A GEM IN THE GARDEN!


Let me tell you about this rare and AMAZING fruit we are growing this year. I was super hesitant to grow it because from all the info out there, I heard it tasted like cantaloupe or honeydew and while I absolutely LOVE fruit, I despise cantaloupe. The only reason I took a chance on this is because Kaliah loves cantaloupe so I figured I'd plant just one plant for her. Personal sized melons, not a massive plant, from what I read fairly easy to grow....why not!? Right? I am so soooo glad I did! I love planting rare, unusual, and or endangered heirlooms. We have a grand variety of foods in our garden that you would not find in a grocery store or even a local farmers market. This is one that will be growing every year from here on out.

Let me introduce you to Sakata Sweet Melon.

This is an Asian variety of melon from Japan. It has a very high sugar content so it is naturally very sweet. I can attest to that! More on that in a moment....let me first tell you about growing them.

When I first planted them in mid-spring, they conked out on me. I figured it was meant to be so I wasn't going to plant another but something in me decided to. I tried again, and once again they conked out. For sure that was it. I was done. But then early summer I wanted to fill in some spaces and said eh, why not. I'll try one last time. This time, they took off! It was super hot out by then so I assume they just really like the heat. Next year we will just start them in early summer to avoid loss and headache.

The vines are not massive. They do sprawl or trellis but they don't take up a ton of real estate and will politely work around other plants in the area. We have had no issues with pests or disease with these plants. They were a little slow to start putting out fruit but once they started they became very generous.

We harvested one today and have about 10 more on the plant right now. The plant still has a lot of life left in it so I assume it will continue to produce for a while.

Now, about the flavor. You can harvest these fruits when they just begin to ripen, like the color of the one I posted in the first picture above. It has a creamy color to it. It went from green to a slight greenish-yellowish or maybe a creamy white color. Basically, it was no longer green. You can harvest it just like this or you can wait for it to get more yellow color to it. It will never get fully yellow, it will always be a creamy color with just a bit of yellow streaking in it.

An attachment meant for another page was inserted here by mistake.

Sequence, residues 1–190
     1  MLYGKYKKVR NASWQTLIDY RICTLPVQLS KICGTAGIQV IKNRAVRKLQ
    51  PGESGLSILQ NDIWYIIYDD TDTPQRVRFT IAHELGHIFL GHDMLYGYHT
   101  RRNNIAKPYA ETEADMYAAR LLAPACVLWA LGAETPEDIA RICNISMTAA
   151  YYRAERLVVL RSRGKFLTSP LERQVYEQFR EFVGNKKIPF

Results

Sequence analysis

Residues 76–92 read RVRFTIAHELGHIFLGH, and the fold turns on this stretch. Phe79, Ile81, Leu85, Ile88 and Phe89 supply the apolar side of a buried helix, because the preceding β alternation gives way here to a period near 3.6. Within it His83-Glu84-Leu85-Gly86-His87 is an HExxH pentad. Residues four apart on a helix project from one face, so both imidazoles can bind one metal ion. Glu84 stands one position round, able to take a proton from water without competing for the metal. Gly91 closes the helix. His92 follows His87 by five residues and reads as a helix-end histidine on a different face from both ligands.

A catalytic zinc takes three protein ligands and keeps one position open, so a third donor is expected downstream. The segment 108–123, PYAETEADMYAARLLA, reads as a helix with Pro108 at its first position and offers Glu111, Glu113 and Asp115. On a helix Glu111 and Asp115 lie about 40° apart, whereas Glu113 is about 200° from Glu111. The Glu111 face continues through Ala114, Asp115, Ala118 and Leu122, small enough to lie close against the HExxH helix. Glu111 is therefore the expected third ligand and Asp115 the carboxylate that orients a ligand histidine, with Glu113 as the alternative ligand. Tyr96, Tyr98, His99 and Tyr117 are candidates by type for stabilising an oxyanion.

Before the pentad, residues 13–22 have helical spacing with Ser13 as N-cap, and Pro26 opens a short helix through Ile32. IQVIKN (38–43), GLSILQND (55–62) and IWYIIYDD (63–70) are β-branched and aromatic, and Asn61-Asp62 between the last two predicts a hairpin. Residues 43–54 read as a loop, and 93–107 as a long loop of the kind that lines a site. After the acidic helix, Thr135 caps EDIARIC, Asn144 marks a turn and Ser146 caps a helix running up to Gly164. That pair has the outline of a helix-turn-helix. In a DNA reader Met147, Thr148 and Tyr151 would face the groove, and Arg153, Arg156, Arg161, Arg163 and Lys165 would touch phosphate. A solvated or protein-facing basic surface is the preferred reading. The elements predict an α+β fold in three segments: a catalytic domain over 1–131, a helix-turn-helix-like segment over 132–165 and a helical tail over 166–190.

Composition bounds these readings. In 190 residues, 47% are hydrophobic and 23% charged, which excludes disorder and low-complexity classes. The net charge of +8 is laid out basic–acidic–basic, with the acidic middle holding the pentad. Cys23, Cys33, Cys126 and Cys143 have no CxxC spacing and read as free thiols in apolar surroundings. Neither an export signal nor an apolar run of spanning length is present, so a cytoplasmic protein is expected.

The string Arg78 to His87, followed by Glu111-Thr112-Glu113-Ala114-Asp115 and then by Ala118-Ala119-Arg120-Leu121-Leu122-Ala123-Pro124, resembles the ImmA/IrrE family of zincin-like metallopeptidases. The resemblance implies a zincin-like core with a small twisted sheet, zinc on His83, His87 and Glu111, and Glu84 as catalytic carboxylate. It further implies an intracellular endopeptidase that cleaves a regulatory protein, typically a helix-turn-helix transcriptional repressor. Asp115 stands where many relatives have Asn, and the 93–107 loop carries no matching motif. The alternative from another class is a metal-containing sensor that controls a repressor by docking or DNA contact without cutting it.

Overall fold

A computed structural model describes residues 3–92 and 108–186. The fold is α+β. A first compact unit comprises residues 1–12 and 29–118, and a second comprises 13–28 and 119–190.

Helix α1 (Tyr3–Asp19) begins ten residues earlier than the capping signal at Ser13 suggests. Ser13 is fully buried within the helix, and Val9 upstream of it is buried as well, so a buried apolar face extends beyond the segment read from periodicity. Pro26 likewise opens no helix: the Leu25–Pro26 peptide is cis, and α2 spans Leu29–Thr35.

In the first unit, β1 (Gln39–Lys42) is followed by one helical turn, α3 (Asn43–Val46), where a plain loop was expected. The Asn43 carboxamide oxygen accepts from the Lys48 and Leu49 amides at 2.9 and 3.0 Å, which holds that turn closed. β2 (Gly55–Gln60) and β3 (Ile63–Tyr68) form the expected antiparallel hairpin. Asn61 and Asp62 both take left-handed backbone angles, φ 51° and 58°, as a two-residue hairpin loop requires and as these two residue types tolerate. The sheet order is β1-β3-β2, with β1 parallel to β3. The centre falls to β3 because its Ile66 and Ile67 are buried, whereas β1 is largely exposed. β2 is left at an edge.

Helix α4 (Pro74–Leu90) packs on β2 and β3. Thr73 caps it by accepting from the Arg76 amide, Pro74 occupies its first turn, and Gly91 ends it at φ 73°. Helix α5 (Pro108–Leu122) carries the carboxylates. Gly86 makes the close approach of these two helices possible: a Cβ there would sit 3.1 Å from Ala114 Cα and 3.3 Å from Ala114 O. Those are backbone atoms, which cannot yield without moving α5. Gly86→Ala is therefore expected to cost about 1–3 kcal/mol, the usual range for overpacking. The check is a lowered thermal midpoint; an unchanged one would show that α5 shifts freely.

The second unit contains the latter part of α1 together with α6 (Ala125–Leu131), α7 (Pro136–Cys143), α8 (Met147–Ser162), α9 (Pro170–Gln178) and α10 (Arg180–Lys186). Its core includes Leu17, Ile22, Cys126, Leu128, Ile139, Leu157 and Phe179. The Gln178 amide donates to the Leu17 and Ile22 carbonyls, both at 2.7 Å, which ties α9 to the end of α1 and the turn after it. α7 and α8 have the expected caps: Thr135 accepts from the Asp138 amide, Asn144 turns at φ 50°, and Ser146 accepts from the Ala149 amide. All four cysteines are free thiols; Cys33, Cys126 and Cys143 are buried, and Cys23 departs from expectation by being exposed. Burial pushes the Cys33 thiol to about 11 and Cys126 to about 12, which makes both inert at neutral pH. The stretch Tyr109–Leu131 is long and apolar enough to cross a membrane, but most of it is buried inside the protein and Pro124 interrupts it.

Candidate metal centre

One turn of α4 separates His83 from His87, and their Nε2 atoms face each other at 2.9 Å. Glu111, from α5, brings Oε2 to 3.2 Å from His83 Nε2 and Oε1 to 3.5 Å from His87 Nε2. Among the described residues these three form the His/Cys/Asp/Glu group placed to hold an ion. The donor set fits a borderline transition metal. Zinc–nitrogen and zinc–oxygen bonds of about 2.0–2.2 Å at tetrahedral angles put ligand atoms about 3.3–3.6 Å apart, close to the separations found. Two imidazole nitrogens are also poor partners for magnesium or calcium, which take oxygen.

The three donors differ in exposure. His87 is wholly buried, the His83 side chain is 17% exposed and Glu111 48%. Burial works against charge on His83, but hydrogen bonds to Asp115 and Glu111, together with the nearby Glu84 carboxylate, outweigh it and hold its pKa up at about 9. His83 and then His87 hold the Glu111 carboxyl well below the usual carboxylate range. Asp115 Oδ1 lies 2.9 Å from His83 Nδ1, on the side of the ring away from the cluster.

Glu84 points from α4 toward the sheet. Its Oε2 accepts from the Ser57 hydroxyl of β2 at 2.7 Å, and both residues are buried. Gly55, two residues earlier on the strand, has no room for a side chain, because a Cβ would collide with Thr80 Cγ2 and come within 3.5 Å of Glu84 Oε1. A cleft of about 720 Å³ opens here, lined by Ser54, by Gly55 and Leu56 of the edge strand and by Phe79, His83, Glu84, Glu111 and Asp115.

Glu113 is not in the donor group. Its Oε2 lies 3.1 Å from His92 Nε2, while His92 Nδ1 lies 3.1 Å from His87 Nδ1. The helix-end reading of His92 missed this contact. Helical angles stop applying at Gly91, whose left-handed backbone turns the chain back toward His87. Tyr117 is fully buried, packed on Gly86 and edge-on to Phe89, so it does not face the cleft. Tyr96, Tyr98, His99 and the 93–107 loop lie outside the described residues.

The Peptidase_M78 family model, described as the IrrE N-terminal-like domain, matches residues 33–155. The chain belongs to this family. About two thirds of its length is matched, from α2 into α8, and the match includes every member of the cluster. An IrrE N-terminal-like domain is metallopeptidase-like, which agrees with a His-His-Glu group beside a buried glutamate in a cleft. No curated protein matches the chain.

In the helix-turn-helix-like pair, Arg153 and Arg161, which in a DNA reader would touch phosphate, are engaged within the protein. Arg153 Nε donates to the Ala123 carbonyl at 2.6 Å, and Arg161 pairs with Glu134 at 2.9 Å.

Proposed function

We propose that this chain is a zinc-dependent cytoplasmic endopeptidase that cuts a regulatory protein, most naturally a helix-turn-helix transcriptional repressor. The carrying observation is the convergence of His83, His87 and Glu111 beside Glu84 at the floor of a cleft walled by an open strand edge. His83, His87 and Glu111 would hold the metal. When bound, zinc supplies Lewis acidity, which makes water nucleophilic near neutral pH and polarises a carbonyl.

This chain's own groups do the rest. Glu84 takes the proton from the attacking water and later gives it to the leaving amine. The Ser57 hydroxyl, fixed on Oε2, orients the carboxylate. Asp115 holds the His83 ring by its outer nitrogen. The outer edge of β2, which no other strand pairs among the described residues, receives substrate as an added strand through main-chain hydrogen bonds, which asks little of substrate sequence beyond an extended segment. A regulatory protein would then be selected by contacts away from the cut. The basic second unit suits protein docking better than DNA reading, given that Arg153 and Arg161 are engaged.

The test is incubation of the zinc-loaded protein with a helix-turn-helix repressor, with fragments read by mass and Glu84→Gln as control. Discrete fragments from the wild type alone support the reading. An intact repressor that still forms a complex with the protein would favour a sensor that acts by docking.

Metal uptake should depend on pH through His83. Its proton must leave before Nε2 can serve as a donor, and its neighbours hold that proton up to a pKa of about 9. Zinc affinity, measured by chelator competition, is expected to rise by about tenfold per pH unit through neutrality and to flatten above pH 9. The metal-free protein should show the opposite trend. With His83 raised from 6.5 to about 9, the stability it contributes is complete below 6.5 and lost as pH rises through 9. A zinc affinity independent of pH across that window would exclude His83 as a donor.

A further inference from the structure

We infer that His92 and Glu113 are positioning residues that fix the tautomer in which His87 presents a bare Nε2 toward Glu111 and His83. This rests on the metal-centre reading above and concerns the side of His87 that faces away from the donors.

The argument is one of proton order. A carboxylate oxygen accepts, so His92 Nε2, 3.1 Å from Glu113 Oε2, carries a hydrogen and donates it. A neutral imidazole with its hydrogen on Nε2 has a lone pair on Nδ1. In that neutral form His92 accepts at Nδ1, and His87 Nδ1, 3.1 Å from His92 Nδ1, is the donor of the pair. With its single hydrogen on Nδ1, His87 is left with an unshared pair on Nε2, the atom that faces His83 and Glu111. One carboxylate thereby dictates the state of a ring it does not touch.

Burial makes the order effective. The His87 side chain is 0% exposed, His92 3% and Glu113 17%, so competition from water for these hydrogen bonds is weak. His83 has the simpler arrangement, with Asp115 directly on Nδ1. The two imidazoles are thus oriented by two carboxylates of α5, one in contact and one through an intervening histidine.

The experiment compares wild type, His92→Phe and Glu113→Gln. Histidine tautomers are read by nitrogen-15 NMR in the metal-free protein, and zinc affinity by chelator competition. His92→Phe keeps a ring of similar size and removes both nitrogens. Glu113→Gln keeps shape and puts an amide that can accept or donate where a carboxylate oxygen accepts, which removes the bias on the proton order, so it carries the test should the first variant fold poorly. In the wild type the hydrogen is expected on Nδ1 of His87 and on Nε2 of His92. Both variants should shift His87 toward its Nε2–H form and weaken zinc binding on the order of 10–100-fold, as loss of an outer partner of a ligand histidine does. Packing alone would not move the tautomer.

I harvested it just as it was beginning to ripen because from my research it tasted more like a pear or apple. At first bite, I thought wow! This tastes just like a super sweet apple! It was crisp, juicy, same texture as a sweet crisp apple, and the same flavor. After the second bite (as I got closer to the seed sack in the center) it tasted more like a very sweet pear with just a hint of melon in there. It was fabulous! I think this is my preferred stage to harvest since I don't care for honeydew and despise cantaloupe but for the sake of trying it (and for seed saving purposes), I will let one fully mature on the vine and taste it.

It has enough meat to it to make it worthy of eating, and the skin, while crisp, is totally edible so you can bite into this like an apple. There are a lot of seeds in the center sack as you see from the pictures above. The seeds at this stage were fully developed and we will save them for sales on our Etsy shop. We sell all of our favorites in our shop so if you are looking for plants or seeds, check us out! The link is below.

This was a wonderful breakfast treat for us here at Kindred Acres. I highly recommend you try this melon! It is delicious!

If you've had Sakata Sweet Melon before, please leave us a comment about your opinion on these! We'd love to hear from you! If you have any questions, feel free to comment below!

With lots of love
Kindred Acres

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Comments 3


I guess this fruit is not grown in tropics coz i am seeing it for the first time. Anyway, its always amazing watching plants grow. Sweet green post!

25.07.2019 11:52
1

It originates from Japan and actually does very well in high heat and humidity. It's a rare heirloom so you might just not see it around but if you live in a tropical area it would likely thrive.

26.07.2019 01:02
0